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Seals and Crofts

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Seals and Crofts
Seals (left) and Crofts in 1975
Seals (left) and Crofts in 1975
Background information
OriginLos Angeles, California
GenresSoft rock, pop rock, folk rock
Years active1969–1980, 1991–1992, 2004
LabelsWarner Bros., Wounded Bird
Past membersJim Seals
Dash Crofts

Seals and Crofts were an American soft rock duo made up of James Eugene Seals (October 17, 1942 – June 6, 2022)[1][2][a] and Darrell George "Dash" Crofts (born August 14, 1938)[5] They are best known for their hits "Summer Breeze" (1972), "Diamond Girl" (1973), and "Get Closer" (1976), each of which peaked at No. 6 on the Billboard Hot 100 chart. Both Seals and Crofts were publicly outspoken advocates for the Baháʼí Faith. Though the duo disbanded in 1980, they reunited briefly in 1991–1992, and again in 2004, when they released their final album, Traces.[6] Seals and his younger brother, the charting singer-songwriter "England" Dan Seals, later performed publicly together as Seals & Seals.[7]

Early careers[edit]

Jim Seals and Dash Crofts were both born in Texas: Crofts in Cisco in 1938, and Seals in Sidney in 1942. They first met when Crofts was a drummer for a local band. Later, Seals joined a rockabilly band called Dean Beard and the Crew Cats, in which he played sax; later on, Crofts joined Seals in the band. With Beard, they moved to Los Angeles to join the Champs after the group's "Tequila" reached No. 1 in 1958. Seals also spent time during 1959 in the touring band of Eddie Cochran.

Seals had a song ("It's Never Too Late") recorded by Brenda Lee in 1961, which was featured as the B-side of her U.S. Billboard No. 6 single, "You Can Depend on Me". "It's Never Too Late" nevertheless reached No. 101 on Billboard and No. 100 on Cash Box (week ending April 8, 1961)[8] in its own right. In the UK, the sides were switched when the single was released, but the single failed to make the UK Singles Chart (at that time only a Top 50 listing).[9]

By 1963, Seals, Crofts, Glen Campbell, and Jerry Cole left the Champs to form a band named Glen Campbell and the GCs, which played at The Crossbow in Van Nuys, California. The band lasted only a couple of years before the members went their separate ways. Crofts returned to Texas and Seals joined a band named the Dawnbreakers (a reference to The Dawn-Breakers, a book about the beginnings of the Baha'i Faith). Crofts eventually returned to California to team up with Seals again, in the Dawnbreakers, and thus both Seals and Crofts were introduced to and became members of the Baháʼí Faith. After becoming longtime adherents of the Bahá'í Faith, the two began to include references to and passages from Bahá'í scripture in their songwriting. When they appeared in concert, they often remained on stage after the performance to talk about the faith, while local Bahá'ís passed out literature to anyone interested.[6]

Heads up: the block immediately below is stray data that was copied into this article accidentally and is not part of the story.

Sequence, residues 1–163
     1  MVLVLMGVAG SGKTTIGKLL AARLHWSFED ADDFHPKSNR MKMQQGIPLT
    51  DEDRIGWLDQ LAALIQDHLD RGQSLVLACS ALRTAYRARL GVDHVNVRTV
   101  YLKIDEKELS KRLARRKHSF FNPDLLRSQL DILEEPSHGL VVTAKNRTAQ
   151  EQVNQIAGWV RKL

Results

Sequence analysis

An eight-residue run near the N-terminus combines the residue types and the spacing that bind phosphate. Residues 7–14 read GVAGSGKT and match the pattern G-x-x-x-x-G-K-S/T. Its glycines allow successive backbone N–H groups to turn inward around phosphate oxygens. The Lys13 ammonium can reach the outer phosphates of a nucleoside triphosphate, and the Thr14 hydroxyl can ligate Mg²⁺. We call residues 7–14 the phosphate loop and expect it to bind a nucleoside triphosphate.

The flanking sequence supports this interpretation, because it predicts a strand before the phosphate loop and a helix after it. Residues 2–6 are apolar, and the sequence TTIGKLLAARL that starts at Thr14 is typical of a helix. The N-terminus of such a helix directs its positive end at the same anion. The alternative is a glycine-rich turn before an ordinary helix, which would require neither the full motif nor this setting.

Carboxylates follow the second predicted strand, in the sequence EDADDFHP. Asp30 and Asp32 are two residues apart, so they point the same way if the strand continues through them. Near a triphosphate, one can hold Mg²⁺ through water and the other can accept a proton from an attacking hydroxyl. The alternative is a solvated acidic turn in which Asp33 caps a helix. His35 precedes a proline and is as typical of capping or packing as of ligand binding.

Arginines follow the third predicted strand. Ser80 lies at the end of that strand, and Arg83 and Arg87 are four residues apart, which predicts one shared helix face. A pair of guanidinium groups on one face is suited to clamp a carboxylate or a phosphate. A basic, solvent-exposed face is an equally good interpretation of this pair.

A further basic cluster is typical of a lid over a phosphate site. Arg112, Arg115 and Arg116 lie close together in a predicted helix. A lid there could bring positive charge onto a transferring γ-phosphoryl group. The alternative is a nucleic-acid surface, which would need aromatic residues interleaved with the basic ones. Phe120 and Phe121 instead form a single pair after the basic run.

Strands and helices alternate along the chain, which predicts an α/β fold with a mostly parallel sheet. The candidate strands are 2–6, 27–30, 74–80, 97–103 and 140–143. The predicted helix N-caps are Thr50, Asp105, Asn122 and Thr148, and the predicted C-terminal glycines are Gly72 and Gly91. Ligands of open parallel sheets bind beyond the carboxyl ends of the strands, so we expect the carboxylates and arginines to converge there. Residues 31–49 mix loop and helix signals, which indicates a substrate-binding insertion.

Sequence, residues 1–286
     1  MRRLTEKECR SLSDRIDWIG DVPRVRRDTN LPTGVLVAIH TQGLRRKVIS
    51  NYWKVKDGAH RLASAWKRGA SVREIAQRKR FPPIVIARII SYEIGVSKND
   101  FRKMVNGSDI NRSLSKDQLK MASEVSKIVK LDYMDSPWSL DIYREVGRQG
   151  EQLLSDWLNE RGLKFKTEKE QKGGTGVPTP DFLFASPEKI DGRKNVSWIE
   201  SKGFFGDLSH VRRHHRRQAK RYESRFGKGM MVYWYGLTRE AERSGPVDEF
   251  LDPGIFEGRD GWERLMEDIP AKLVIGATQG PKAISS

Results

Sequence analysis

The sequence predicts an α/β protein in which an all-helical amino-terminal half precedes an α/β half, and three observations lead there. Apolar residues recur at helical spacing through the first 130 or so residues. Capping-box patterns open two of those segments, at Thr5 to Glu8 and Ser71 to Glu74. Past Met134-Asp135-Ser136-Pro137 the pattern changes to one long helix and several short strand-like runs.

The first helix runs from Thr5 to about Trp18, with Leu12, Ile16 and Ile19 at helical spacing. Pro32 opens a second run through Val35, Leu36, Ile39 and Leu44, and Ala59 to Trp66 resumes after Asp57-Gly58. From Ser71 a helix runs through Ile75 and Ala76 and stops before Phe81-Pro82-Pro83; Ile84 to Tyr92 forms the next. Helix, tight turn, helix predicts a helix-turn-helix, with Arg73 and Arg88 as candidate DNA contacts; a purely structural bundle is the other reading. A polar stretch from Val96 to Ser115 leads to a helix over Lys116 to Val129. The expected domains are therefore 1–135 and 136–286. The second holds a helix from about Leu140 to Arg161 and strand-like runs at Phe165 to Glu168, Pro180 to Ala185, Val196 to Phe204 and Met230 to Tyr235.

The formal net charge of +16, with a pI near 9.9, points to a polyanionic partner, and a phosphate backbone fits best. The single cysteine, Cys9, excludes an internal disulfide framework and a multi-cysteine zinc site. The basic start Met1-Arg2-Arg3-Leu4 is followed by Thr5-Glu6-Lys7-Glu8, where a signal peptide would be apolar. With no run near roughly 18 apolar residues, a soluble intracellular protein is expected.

As Seals and Crofts[edit]

After the failure of the Dawnbreakers, the two decided to play as a duo, with Seals on guitar, saxophone and violin and Crofts on guitar and mandolin. They signed a contract with the record division of Talent Associates (TA) in 1969 and released two LPs, of which only the second reached the Billboard 200 chart, peaking at No. 122 in October 1970. Crofts married fellow Dawnbreaker Billie Lee Day in 1969 and Seals married Ruby Jean Anderson in 1970. The pair signed a new contract with Warner Bros. Records in August 1971.[10] Their first album with their new label, Year of Sunday, peaked at #133 in the US. Their second Warner Bros. album, Summer Breeze, was a hit, peaking at No. 7 in 1972. The title cut was released as a single, peaking at #4 on the Adult Contemporary chart, and #6 Pop. The song "Hummingbird" was the second single released from the album, climbing to #12 AC, #20 Pop. The album has since been certified 2× platinum by the RIAA for sales of two million copies in the US.[11]

In 1973 Warner Bros. released Diamond Girl. That album has been certified gold for sales of 500,000 copies in the US. The title song reached No. 6 on the US chart in July 1973, and another single, "We May Never Pass This Way (Again)", peaked at No. 21.

The controversial Unborn Child followed in 1974. Written shortly after Roe v. Wade, Seals & Crofts expressed their anti-abortion position in the title song, which created a huge dilemma for radio stations. Some stations banned it while others added it to rotation. The album still went gold despite the controversy and the lack of a Top 40 hit.